HONOLULU, July 8, 2013 – No matter what the outcome of the highly publicized George Zimmerman trial may be, America will never be the same again.
We may never know the full truth of what happened on the fatal night George Zimmerman and Trayvon Martin met in the rain. Nevertheless, America’s reaction to that incident and the resulting trial is a perfect case study in how people project their prejudices and desires on to situations and other individuals.
From the moment the shooting became national news, the incident served as a pretext for a divided nation to grandstand for selfish attention rather than uphold justice. Both Zimmerman and Martin have been demonized as villains and beatified as heroes by opposing media factions, political interest groups and a judgmental public with a heroin-like addiction to reality entertainment.
From the viral dissemination of pejorative, false photographs of Martin on social networks to violent threats made against Zimmerman and his family on Twitter, the ongoing trial has brought out the absolute worst of modern society.
The trial of Zimmerman was supposed to determine whether or not laws were broken.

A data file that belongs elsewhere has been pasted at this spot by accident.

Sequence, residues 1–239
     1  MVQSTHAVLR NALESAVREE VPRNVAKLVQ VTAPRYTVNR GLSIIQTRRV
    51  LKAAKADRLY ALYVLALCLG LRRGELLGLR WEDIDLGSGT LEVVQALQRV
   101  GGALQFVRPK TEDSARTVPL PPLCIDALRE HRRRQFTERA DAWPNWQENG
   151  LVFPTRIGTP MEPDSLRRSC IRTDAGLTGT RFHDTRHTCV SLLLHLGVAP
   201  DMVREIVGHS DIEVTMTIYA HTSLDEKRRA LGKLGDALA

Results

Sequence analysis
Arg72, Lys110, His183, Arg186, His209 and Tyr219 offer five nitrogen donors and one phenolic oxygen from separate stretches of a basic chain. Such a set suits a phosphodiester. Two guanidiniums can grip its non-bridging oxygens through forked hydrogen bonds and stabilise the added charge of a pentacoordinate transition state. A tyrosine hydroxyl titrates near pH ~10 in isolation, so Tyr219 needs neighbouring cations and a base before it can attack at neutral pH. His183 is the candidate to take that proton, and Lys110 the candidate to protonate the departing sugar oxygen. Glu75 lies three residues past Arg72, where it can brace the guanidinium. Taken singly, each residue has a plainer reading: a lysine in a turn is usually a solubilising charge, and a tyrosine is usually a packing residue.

Instead, it revealed America was broken.
For the mainstream media, the trial was about exploiting suffering and fanning strife to attract attention.
For special interest groups, the trial was about using death to promote an agenda at all costs.
For the public, the trial was about pitting perceived representatives of one way of life against another.
Anyone who values truth, justice and honor should be ashamed of how far we have fallen as a people. This is not the kind of behavior expected of a nation so civilized as to claim leadership of the “free” world.
Just what kind of America are we becoming when the demons of race, fear and greed drive our perceptions of our neighbors? What kind of laws and elected leaders can be expected to issue from a nation so divided and hostile?
The great legal philosopher Frederic Bastiat once wrote “Law is the common force organized to act as an obstacle of injustice. In short, law is justice.” He said further “As long as it is admitted that the law may be diverted from its true purpose – that it may violate property instead of protecting it – then everyone will want to participate in making the law, either to protect himself against plunder or to use it for plunder. Political questions will always be prejudicial, dominant, and all-absorbing. There will be fighting at the door of the Legislative Palace, and the struggle within will be no less furious.”
In the future, when two total strangers who meet in the rain decide to pull out an umbrella for each other rather than fists and a pistol, we will once more have an America worthy of leading the free world.
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